From the Epicenter to the Eye

A text woke me up Thursday morning at 9:30 (it was my day to sleep in).

“You’re going to the Outer Banks tomorrow.” From my boss.

Less than 24 hours later, I was en route to Chocowinity, a small town in eastern North Carolina. CBS19’s sister station, WITN, needed a few extra hands to cover Hurricane Irene as the storm prepared to make landfall. Within one week, I covered a national headline-grabbing earthquake, and now I’m reporting on what’s supposed to be the strongest hurricane to hit the U.S. in a few years.

I left Charlottesville early Friday morning to embark on the four-hour drive to North Carolina. Upon arriving, I was almost immediately sent to interview the interim county manager for Beaufort County. And then I shot a quick story on the supermarket running out of milk, bread and eggs as people began stocking up on supplies.

I left my hotel room shortly before 6 a.m. Saturday, apparently just minutes before it lost power. Hurricane Irene was in full force. I was first sent to a car wreck that was 20 minutes away from the station. After an hour and a half of navigating rural roads I’ve never seen before, I still can’t find the scene. I hit many roadblocks (literally) in the form of downed trees and power lines, flooded roads or some sort of combination. By the time I get close, a firefighter tells me the scene was cleared, but I interviewed him on the condition of the roads. The rest of the day was spent covering the storm itself before spending 12 hours in a powerless, humid motel room.

The busiest day by far was Sunday. The town of Washington, just north of Chocowinity, was covered with water the day before. I covered the damage — a toppled gas canopy, a few missing roofs, countless trees and power lines in the roads — before searching for the Belle of Washington. For that remarkable story, check out the video below.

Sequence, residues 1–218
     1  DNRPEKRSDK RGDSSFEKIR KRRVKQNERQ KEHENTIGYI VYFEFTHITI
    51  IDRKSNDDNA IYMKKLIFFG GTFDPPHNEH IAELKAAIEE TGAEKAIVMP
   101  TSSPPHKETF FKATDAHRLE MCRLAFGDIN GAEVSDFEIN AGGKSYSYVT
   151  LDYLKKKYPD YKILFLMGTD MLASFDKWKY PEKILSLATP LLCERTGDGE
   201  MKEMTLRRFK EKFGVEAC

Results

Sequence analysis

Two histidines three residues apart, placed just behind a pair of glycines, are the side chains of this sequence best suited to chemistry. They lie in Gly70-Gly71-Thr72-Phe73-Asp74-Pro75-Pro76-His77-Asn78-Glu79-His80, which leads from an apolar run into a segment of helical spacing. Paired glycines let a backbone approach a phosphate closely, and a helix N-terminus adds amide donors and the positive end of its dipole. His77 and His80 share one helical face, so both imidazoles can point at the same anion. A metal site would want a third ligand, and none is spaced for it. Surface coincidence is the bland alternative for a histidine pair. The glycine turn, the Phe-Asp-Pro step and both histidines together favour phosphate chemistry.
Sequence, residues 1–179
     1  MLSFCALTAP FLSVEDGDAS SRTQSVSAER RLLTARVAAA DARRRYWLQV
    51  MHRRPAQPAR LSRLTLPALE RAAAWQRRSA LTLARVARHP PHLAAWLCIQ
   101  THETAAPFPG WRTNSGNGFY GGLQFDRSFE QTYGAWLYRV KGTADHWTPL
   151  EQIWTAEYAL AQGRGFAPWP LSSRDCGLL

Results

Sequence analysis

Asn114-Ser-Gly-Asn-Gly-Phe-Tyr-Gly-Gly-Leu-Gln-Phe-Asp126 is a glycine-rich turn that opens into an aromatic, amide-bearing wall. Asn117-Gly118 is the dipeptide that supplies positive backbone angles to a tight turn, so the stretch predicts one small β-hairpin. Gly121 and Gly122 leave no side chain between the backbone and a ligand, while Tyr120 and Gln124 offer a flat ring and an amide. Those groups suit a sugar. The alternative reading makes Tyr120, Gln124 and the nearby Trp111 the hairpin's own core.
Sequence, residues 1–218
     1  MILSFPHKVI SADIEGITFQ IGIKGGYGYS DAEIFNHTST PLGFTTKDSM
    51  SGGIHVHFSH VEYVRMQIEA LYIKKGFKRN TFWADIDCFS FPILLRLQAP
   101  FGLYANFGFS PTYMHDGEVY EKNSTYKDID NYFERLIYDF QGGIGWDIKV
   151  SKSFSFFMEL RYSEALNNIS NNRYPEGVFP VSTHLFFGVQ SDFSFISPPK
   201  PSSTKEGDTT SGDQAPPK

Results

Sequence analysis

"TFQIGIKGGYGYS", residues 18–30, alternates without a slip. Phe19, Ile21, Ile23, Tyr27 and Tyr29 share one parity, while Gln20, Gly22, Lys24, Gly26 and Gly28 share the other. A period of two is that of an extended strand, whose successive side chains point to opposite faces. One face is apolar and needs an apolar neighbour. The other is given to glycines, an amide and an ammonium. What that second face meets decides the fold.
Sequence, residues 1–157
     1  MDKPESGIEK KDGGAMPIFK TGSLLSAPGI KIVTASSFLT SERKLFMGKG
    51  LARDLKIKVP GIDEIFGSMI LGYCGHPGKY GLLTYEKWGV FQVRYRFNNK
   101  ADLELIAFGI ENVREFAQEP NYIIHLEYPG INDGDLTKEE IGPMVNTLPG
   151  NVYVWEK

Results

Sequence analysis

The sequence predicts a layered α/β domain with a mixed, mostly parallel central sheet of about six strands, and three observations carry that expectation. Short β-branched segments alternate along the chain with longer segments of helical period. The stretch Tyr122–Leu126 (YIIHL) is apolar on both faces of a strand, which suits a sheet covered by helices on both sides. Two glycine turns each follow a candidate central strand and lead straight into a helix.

After three days of 12+ hour shifts, I took had one final sleep in my air condition-less motel and headed back to Charlottesville. It was an eye-opening weekend spent in Mother Nature’s wrath, and I managed to return home relatively dry and with experiences many reporters dream of. (And yes, I did shoot a standup where I am getting dowsed by Hurricane Irene’s heavy rains while trying to maintain balance with the winds. You have to check that one out here.)

From the epicenter of the earthquake to the eye of the hurricane. Maybe the Weather Channel has an opening… (Kidding.)


From NC to NYC: Virginia Quake Shakes the East

I was sitting in my car after an Old Navy shopping trip and a Smoothie King stop. Then, my car started shaking.

I looked around, and no one seemed to react. I wasn’t sure what I had just felt, so my natural reaction — I tweeted. “Did I just feel an earthquake!?” My phone then exploded with texts from my brother and friends asking if I was OK or alive.

I rushed home, saw the CNN coverage and tried calling work. Couldn’t get through.

I swapped my shorts for jeans, put on my newly purchased Old Navy flip-flops and ran out the door to work. Within 30 seconds of stepping into the newsroom, I was sent to Mineral, Va., the epicenter of the earthquake.

What amazed me most about covering the earthquake was how eerily normal everything appeared. Sure, there was damage from the earthquake — two homes were destroyed, many others heavily damaged — but you had to look hard for the damage. Still, it was very easy to empathize with those who lost a lot, like the Brunson family I interviewed (in the video below).

Mineral is a small town between Charlottesville and Richmond. There aren’t many tall buildings, if any at all. That might not provide much comfort to those with damaged homes, worrying if insurance will cover the cost of repairs, but should something have happened closer to a metropolis like Richmond, there might have been more than the zero fatalities or serious injuries Central Virginia saw.

As far as news goes, it was exciting to cover a major event in our own backyard that had a national impact. But even one week after the quake, the cleanup continues.